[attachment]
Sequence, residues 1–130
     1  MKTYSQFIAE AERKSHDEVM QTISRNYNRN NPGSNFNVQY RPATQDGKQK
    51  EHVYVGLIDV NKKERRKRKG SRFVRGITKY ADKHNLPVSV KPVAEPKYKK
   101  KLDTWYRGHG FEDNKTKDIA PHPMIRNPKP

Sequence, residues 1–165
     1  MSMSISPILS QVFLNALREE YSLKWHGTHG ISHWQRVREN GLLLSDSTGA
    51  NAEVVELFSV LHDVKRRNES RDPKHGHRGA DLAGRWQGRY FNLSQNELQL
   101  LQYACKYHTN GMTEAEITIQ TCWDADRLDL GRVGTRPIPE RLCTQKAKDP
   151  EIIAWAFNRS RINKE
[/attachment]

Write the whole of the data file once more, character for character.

Sequence, residues 1–130
     1  MKTYSQFIAE AERKSHDEVM QTISRNYNRN NPGSNFNVQY RPATQDGKQK
    51  EHVYVGLIDV NKKERRKRKG SRFVRGITKY ADKHNLPVSV KPVAEPKYKK
   101  KLDTWYRGHG FEDNKTKDIA PHPMIRNPKP

Sequence, residues 1–165
     1  MSMSISPILS QVFLNALREE YSLKWHGTHG ISHWQRVREN GLLLSDSTGA
    51  NAEVVELFSV LHDVKRRNES RDPKHGHRGA DLAGRWQGRY FNLSQNELQL
   101  LQYACKYHTN GMTEAEITIQ TCWDADRLDL GRVGTRPIPE RLCTQKAKDP
   151  EIIAWAFNRS RINKE